As with many festivals in France the French will mark the feast of the Epiphany on Saturday by eating.
Whereas Christmas Eve is all about oysters and foie gras, January 6th is all about the Galette des Rois (King’s Cake).
So what’s a Galette des Rois?
It’s basically a frangipane tart made with pastry, butter, ground almonds and a few extra ingredients that will stretch the already bursting waistline for one final time before the January dieting begins.
Why is it in the news this week?
Because the French love their culinary traditions and none more so than the Galette des Rois, which they scoff down on January 6th each year to mark the feast of the Epiphany -- when the three kings (allegedly) turned up to give gifts to Baby Jesus.
The tradition of eating the cake dates back to the 14th century. According to tradition the cake was to draw the kings to the Epiphany.
Interestingly during the French Revolution the name was changed to “Gâteau de l’egalité” because it wasn’t really the done thing to be a king at that time.
Ah but it isn’t. The Galette des Rois is not just about having a cup of tea and something sweet. There’s an age-old protocol that needs to be followed and it's all to do with the little charm that bakers hide inside the cake.
First of all the youngest child has to hide under the table and tell whoever is cutting the cake who should get which piece.
Whoever finds the charm, known as a “féve”, in their slice (as long as they don’t swallow it) gets to wear the crown that comes with the tart and then names their king or their queen.
And then everyone just sits down and scoffs it. Normally with either cider or champagne.
And of course we can always rely on Richard Legay, the famous baker from the Marais district of Paris, to come with his own special take on the galette - see pics below. His boulangerie Legay Choc is of course well known for creating penis shaped patisseries.
What’s the point?
It’s tradition of course. According to Direct Matin newspaper, the pagan custom dates back to Roman times, when festivals were organized in honour of the gods between late December and early January.
Masters and slaves ate together and a bean (a fève) was slipped into one of the dishes and whoever got it was hailed king of the feast.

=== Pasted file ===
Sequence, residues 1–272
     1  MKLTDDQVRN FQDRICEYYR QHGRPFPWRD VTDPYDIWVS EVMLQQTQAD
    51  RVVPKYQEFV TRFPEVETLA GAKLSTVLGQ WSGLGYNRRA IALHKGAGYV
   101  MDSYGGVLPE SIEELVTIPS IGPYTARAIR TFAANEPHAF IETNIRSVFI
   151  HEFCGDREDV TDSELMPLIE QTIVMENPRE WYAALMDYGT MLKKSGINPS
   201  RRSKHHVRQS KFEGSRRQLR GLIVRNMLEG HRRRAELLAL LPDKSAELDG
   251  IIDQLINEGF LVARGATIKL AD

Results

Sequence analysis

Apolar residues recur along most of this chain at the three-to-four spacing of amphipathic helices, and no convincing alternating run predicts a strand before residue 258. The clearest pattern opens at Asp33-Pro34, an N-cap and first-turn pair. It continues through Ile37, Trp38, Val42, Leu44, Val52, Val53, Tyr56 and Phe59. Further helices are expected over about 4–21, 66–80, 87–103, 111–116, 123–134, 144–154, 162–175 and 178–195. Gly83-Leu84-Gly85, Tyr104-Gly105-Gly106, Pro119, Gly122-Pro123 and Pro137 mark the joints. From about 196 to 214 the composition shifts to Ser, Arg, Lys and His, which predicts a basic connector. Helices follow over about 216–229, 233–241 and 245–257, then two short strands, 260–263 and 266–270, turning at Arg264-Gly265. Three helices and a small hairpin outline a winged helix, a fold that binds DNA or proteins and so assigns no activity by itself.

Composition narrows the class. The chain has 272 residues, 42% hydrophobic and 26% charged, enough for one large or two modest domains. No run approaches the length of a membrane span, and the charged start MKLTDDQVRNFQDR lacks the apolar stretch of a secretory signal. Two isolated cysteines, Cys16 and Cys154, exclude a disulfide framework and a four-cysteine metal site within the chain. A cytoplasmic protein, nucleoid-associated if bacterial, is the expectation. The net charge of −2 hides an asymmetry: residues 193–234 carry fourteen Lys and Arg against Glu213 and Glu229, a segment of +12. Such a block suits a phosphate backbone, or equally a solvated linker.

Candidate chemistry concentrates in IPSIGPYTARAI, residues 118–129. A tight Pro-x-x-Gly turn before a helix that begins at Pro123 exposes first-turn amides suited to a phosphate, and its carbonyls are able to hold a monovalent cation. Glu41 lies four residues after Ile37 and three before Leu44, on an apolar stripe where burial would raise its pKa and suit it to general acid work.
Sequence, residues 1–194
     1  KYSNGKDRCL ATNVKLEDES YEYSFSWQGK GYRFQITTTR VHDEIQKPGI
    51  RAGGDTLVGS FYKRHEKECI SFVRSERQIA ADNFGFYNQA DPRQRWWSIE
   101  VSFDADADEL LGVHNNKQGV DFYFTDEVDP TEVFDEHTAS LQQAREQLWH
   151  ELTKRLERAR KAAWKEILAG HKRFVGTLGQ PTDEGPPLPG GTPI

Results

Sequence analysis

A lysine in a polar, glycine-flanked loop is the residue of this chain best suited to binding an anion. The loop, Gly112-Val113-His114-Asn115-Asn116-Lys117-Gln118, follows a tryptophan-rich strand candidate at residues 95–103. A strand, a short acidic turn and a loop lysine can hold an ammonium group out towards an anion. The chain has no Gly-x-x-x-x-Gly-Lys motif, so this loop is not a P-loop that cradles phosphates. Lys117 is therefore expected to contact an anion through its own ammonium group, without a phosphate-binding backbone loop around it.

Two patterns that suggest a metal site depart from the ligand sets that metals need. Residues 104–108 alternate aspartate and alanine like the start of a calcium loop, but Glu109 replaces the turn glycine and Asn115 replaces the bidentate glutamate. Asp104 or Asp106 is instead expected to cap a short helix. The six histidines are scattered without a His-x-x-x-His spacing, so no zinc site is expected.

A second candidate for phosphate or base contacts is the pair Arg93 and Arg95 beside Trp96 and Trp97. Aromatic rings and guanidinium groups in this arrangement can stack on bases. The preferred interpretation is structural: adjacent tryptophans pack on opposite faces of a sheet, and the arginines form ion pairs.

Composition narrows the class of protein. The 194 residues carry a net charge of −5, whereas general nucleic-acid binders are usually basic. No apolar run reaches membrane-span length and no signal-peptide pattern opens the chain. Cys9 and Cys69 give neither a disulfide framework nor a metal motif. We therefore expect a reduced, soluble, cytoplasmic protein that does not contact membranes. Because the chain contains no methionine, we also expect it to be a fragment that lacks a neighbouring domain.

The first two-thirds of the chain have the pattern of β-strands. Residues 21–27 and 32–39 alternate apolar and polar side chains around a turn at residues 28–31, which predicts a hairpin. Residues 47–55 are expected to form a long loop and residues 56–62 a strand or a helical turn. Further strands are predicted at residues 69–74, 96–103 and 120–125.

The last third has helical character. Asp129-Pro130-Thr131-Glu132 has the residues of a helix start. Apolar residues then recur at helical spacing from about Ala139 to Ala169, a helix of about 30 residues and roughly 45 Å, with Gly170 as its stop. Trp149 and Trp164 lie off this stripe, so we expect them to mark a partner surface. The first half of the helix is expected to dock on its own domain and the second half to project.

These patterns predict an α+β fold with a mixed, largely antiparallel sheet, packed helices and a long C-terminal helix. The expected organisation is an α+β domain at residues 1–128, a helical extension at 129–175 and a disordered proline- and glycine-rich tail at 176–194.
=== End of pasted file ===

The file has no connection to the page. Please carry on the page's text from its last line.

When the church instituted the festival of the Epiphany to celebrate the arrival of the three wise kings, the tradition of the bean in the cake remained.
I’d hate to find a bean in my cake...
Well luckily, although la fève used to be a broad bean, it was replaced in around 1870 by a variety of figurines made out of porcelain or - more recently - plastic.
These plastic figurines used to be in the shape of babies to represent Jesus but can now be anything from a car to a shoe.
Real Galette des Rois fanatics will collect the charms year after year and build up a fine array of little trinkets. One guy named Bernard Joly has over 1,200 according to France TV info.
Some bakers, fearing they could be sued if someone chokes on it, put the charms outside the galette and leave it up to the buyer to hide it.
So everyone in France will have their cake and eat it?
Pretty much. Boulangeries in France love this time of year as their takings are boosted by the sale of the pastries.
Although poor president Emmanuel Macron is not allowed the chance to become king for the day.
According to the trusty Wikipedia, the French president is not allowed to “draw the kings” on Epiphany because of the etiquette rules. “Therefore, a traditional galette without figurine or crown is served at Elysée Palace.”
So how do you make it then?
Here’s a basic recipe thanks to the site Anglophone Direct. Good luck and bon appétit!
Galette des Rois
2 sheets ready rolled puff pastry
140g ground almond
75g soft butter
3 egg whites
Mix the butter and the sugar until the mix whitens, then add the beaten eggs and the ground almond. Mix well.
In the middle of the first sheet of puff pastry, pour the mix. Lay the second sheet on top, and roll the sides of the sheets together towards the inside to seal the galette.
With a knife, draw diagonal lines in both direction (so that they cross each other) to create the pattern.
Then with a brush, spread the yolk on the whole cake to give it a golden colour.
Put in an oven for 30 minutes at 200 degrees Serve hot - but it is excellent cold too.